Once again, Linda Ellen has crafted a wonderful piece of writing. Creating delightfully realistic, loveable characters and a plot that will keep you turning the page, Linda expertly weaves a tale worth savoring in A Bride for Sam. In a genre that often produces quick reads that tend to follow the same old formula over and over again, Linda Ellen breezes in with her refreshingly creative plots. Come for the superb story, stay to drool over Sam the lumberjack.
A Bride for Sam is a standout in the Proxy Brides series. It is a tale filled with gallantry and romance, featuring a hunky lumberjack, a daring escape, devoted friends, and a happily ever after all wrapped into one delightful package. This is a sweet read you won't want to miss, out just in time for Valentine's Day! ;)
Grab the book here.
Hope By The Book is a brand new magazine geared towards all of those bookish souls out there. I first learned of this magazine through Anne Bogel's post about its launch on Instagram, in November. I immediately subscribed and patiently awaited the first issue..... I was not disappointed. Hope By The Book is absolutely superb, so much so, that I just HAD to talk to its creator, Carrie Schmidt. Below is our conversation:
MJM: First off, I absolutely love this magazine. Who came up with the concept of a magazine for book lovers and readers?
Carrie: Oh thank you! I had been a reviewer for RT Book Reviews and when it closed in 2018 I felt like it left such a void. Particularly for readers of ‘clean fiction’ and inspirational fiction. As the idea brewed in my head, I wanted it also to be something fun that anyone who loved books could pick up and find kindred spirits on the pages. I didn’t want it to be stuffy or highbrow, but intelligent all the same. My goal was a magazine that celebrated the reading life as well as providing professional reviews of exceptionally written clean fiction in genres from fiction to children’s to non-fiction, too. I couldn’t think of any other magazine that quite did all of these things, so I decided to give it a try!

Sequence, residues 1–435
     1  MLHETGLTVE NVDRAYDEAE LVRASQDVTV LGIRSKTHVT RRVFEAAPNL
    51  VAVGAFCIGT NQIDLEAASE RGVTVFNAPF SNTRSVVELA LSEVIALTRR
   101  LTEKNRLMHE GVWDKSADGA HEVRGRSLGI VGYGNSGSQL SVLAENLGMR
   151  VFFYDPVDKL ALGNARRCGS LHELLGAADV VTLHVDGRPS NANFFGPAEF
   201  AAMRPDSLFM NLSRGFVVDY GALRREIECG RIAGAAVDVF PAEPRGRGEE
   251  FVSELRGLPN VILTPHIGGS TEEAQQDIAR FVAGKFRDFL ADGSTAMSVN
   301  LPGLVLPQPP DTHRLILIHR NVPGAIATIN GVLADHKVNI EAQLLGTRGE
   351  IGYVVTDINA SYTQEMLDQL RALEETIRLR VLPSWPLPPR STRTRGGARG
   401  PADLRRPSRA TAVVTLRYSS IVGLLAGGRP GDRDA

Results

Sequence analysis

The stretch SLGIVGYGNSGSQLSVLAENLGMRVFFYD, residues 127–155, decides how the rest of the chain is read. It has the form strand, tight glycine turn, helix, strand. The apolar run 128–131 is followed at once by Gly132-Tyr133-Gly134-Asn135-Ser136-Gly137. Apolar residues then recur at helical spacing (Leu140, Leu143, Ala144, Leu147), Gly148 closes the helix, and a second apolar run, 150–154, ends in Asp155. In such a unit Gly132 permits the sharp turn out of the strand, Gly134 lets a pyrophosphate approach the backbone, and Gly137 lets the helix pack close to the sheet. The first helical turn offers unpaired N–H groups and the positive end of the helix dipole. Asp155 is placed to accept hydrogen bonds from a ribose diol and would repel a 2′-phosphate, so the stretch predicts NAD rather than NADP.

MJM: That's wonderful. What does the process of starting a magazine look like? Can you walk us through it a bit?
Carrie: I’ve learned that it takes a special sort of crazy to do this LOL. About the time that the idea for this magazine began really taking form in my mind and heart, Angelia Stone invited me to join the Hope For Women magazine team as the ‘book girl’. I quickly became overwhelmed with all the books publishers wanted me to feature – considering I could really only include about 5 at a time in each quarterly issue of HFW. So I broached my idea of a book-focused magazine to Angie and she caught the vision, handed me the reins and said “go for it”. And after I panicked (lol) I gathered a team of my favorite bookish people to be on my editorial team – and compiled a group of reviewers, many of whom had also reviewed for RT with me before it closed. Then, of course, since we’re starting from scratch, we had to come up with our vision, our mission statement… and a title! We did a call-out for ideas on social media, decided on our three favorites and then put the vote back on social media. Hope By the Book was a clear winner, and I loved that because it tied in so nicely to our sister magazine as well. Next were tasks like: find a designer, decide on our style, plan the articles, gather books to review, etc. It’s a much more involved process than I ever dreamed!
MJM: The current issue out now is actually your launch issue. I would imagine that putting together a launch issue would be particularly daunting because you’re tasked with using that issue to introduce the magazine’s concept to the public. Was this something that was front and center in your mind?
Carrie: YES. It never left my mind. And then once the magazines left my control and went out to the masses, there was this agonizing hold-your-breath span while we waited to see if people loved it or hated it. Fortunately, everyone loves it so far!
MJM: It is such a beautiful magazine. One of my favorite bookish souls, Anne Bogel is on the cover of this issue. Tell me, how did that come about? Did you know Anne previously or did you meet through this issue?